Saturday, 2 November 2019

A Casp Double

It's a funny old game this birding.

October was for the most part a wet and windy month, so of course I spent as much time as I could scanning through the gull flocks on the Estuary. I had far more time too, as had almost three weeks off work during the month. The grand result; a single Yellow-legged Gull.

This morning between giving lifts and putting toddlers down for a nap, I managed to muster up enough time to scope through my first gull flock of the month, a group of about 225 mostly Great Black-backed Gulls on Bridge Marsh. Within about thirty seconds I was looking at a stunning second-winter Caspian Gull, and then a couple of minutes later I was looking at a second one! This was the Axe's (and Devon's) second double dose of Casp (previously done on 14th Nov 2015 when I found a first and second-winter from Coronation Corner) and my 11th and 12th Casps for the Axe...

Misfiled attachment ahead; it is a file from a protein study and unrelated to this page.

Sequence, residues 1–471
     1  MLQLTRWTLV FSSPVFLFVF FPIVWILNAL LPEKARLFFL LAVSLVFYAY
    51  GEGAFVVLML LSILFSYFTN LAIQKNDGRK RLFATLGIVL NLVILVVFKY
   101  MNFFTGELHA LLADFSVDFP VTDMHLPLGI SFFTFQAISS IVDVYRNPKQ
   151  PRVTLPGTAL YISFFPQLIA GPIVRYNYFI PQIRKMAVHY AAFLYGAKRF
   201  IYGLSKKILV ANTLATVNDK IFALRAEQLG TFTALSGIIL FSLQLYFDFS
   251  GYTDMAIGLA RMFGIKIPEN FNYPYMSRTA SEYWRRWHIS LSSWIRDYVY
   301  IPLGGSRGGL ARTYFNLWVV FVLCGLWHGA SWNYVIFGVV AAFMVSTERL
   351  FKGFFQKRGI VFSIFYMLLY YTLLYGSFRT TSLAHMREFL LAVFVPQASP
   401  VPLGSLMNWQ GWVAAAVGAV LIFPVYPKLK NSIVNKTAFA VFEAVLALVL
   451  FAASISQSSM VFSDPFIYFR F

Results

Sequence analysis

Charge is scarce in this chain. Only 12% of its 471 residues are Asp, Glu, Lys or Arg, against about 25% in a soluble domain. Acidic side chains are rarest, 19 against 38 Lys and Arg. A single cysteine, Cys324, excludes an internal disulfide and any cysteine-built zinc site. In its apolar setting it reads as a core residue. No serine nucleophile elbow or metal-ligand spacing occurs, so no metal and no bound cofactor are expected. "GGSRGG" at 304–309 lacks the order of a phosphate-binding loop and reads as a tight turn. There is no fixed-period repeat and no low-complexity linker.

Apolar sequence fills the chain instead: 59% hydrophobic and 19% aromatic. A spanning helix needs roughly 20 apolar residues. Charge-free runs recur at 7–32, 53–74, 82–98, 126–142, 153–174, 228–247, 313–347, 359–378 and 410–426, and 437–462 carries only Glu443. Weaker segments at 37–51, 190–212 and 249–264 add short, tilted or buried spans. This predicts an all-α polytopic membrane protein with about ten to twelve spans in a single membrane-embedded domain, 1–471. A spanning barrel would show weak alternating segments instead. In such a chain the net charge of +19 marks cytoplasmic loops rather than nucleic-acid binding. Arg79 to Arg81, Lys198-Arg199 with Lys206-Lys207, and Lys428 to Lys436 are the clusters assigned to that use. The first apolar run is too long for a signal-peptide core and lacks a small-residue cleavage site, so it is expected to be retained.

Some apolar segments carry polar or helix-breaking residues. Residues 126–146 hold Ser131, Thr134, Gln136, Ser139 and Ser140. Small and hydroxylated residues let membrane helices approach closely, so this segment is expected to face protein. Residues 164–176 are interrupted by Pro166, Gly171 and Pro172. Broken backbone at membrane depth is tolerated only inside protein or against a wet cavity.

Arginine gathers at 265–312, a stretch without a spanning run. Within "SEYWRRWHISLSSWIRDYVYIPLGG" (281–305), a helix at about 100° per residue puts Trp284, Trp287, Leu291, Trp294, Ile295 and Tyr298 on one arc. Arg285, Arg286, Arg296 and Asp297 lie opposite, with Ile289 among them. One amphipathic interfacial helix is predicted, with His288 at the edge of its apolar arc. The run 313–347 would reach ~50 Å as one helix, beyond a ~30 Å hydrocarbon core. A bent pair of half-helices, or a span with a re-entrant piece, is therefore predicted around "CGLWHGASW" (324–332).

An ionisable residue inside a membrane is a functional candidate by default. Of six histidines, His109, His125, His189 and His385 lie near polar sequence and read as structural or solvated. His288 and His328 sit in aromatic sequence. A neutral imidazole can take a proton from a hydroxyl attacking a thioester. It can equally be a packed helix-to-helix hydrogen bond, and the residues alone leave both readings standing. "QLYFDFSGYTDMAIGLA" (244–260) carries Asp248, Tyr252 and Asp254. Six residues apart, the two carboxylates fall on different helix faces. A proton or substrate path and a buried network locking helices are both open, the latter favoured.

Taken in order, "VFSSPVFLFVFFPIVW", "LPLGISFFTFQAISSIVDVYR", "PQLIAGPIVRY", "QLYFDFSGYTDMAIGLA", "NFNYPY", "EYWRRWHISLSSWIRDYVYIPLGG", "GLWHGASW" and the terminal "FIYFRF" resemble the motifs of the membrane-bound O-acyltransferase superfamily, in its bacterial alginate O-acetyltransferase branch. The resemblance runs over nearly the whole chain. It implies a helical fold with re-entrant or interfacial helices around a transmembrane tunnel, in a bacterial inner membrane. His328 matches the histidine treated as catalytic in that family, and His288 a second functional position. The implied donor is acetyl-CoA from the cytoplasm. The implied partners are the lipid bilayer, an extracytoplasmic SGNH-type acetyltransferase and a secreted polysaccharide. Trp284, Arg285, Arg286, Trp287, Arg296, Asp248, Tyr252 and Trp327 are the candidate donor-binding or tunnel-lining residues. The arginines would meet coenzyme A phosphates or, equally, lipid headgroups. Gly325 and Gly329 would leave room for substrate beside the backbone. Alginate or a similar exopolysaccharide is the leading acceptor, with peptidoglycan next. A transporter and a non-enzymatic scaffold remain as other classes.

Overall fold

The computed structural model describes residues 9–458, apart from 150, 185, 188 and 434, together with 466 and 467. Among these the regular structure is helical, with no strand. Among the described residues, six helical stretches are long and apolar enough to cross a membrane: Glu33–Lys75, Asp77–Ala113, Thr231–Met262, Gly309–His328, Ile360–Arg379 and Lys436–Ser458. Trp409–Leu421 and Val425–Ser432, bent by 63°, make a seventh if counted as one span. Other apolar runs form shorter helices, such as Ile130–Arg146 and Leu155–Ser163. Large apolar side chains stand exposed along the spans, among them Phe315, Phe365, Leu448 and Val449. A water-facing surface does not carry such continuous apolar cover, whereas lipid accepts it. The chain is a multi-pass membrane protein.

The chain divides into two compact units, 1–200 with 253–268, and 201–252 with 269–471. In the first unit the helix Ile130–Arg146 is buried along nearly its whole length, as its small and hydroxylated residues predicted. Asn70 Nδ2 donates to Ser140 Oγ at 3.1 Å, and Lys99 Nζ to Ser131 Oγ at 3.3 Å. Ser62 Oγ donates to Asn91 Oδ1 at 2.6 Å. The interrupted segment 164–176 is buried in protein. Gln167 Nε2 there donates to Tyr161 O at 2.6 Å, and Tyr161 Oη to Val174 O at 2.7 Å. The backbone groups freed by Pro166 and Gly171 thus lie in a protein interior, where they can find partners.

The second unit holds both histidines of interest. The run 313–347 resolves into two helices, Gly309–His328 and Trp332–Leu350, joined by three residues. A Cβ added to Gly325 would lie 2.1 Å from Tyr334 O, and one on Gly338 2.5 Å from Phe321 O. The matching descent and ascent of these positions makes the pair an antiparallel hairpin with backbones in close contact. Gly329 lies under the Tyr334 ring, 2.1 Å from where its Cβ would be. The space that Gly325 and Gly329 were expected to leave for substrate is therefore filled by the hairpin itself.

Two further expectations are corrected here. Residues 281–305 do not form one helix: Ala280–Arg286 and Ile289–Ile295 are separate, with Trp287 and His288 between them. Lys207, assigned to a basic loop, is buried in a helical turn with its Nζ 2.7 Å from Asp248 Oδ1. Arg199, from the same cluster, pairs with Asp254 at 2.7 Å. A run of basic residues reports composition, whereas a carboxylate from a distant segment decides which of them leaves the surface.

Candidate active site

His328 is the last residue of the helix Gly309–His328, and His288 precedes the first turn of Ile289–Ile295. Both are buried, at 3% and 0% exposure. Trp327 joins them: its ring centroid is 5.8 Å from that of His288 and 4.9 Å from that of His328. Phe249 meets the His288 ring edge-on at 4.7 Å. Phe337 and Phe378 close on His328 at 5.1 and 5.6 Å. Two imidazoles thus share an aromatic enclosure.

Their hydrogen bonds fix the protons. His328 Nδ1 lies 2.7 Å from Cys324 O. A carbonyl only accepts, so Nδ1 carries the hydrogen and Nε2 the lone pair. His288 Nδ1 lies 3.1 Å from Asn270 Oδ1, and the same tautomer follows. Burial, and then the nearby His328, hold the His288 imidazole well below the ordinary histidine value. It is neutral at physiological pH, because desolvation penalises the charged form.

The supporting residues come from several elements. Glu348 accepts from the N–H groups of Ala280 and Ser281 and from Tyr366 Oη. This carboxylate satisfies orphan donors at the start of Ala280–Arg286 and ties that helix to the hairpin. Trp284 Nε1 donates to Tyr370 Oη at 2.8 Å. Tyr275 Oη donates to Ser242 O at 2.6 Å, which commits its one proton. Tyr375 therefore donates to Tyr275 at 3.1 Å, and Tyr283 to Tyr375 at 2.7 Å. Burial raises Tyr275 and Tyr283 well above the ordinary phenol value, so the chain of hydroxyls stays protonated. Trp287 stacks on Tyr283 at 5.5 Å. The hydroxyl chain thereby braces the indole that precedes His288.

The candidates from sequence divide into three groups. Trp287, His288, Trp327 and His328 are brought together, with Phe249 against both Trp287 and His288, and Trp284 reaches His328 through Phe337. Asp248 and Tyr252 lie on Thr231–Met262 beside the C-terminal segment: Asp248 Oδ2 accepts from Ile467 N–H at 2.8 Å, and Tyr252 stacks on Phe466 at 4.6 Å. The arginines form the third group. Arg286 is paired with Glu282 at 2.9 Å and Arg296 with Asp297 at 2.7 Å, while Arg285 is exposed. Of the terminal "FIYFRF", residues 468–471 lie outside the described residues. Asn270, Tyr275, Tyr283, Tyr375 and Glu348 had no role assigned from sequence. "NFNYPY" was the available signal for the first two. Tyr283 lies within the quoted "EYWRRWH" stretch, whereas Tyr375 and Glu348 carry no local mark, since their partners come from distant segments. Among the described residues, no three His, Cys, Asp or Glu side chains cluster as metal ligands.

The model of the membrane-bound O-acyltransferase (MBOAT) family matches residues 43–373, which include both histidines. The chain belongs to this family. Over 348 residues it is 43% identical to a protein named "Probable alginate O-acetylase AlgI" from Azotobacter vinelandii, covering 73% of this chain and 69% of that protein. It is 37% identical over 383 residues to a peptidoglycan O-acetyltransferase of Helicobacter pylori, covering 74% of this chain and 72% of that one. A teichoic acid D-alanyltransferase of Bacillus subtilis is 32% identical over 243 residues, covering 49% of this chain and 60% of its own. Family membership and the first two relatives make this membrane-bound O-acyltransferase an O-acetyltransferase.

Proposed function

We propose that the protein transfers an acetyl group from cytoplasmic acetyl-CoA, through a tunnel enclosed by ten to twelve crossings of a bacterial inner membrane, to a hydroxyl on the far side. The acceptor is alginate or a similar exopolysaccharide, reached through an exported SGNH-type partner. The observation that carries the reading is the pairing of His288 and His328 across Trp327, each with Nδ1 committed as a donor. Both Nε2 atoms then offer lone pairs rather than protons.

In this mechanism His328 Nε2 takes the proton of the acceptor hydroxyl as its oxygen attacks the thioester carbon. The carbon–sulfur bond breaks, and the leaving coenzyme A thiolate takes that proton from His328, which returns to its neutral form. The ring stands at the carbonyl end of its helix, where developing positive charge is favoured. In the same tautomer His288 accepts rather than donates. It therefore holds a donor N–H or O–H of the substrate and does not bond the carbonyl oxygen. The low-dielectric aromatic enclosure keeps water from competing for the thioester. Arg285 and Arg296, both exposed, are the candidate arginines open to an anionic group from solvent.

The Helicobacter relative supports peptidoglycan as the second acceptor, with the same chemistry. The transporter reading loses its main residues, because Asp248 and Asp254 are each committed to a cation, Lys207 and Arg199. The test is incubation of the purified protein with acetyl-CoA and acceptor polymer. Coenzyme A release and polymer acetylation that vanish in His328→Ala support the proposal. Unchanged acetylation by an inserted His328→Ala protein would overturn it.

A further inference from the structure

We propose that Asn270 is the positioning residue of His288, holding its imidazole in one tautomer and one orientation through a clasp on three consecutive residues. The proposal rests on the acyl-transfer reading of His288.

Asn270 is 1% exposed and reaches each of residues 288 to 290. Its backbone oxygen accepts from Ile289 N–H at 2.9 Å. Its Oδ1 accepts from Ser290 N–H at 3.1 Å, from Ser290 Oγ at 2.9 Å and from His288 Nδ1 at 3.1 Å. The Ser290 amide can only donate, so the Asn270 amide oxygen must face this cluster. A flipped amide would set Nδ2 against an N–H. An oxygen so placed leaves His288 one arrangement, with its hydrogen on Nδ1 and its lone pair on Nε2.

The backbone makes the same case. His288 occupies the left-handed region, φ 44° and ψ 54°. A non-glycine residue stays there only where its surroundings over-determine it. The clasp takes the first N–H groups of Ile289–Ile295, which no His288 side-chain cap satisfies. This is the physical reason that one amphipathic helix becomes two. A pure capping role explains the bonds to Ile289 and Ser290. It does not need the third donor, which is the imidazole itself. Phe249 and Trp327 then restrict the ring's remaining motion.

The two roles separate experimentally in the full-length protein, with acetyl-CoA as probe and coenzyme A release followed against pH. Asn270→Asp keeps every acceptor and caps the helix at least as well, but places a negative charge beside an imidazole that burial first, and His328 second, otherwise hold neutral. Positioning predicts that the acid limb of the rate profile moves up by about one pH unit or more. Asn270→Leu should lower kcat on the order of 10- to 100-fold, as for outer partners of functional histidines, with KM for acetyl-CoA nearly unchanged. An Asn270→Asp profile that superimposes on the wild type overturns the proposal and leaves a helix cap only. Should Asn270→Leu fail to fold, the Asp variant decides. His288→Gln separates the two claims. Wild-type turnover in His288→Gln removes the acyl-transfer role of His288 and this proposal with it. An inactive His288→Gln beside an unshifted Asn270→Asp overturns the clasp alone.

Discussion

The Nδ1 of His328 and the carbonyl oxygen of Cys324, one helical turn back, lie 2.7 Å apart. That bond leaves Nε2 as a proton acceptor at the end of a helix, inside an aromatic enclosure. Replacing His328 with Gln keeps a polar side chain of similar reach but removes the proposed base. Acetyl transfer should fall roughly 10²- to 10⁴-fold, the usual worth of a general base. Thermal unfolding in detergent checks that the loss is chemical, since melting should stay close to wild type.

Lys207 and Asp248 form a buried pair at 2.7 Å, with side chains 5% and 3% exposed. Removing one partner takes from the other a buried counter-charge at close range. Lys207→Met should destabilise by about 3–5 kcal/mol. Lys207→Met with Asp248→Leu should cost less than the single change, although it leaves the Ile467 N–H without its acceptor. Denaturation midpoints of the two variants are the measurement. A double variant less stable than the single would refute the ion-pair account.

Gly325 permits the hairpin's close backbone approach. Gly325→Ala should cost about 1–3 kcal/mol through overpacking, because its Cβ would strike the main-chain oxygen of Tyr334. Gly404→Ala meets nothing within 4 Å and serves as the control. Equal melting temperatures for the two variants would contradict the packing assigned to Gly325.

I have got a lot more to say about these stunning birds, but it's late and I have a two year old with a blocked nose, so for now just enjoy the photos...

Bird one, the more advanced of the two;

Bird two, a brutish yet elegant long-billed beaut;

I promise to do a follow post to these pics, as both birds are just such fab examples of pukka second-winter Casps. But for now, simply scroll up and enjoy the pics again. I can't stop looking at them that's for sure!

A little later in the day, eight Black Redstarts (including the ad male but no Common Redstart) were at Axe Yacht Club, but otherwise wind blown rarities were in short supply for us. 


  1. What is it about gulls?! Even with scarce birds like Leach's and Grey Phals being seen nearby yesterday, your pair of Axe Casps was easily the most enviable sighting as far as I was concerned (while I was out there seeing nothing!!). Great stuff Stevie. And continuing the unbroken(?) record of photos too. Magic :-)

    1. Thanks Gav! Still yet to fully blog about these beauts, probably my highlight of the autumn.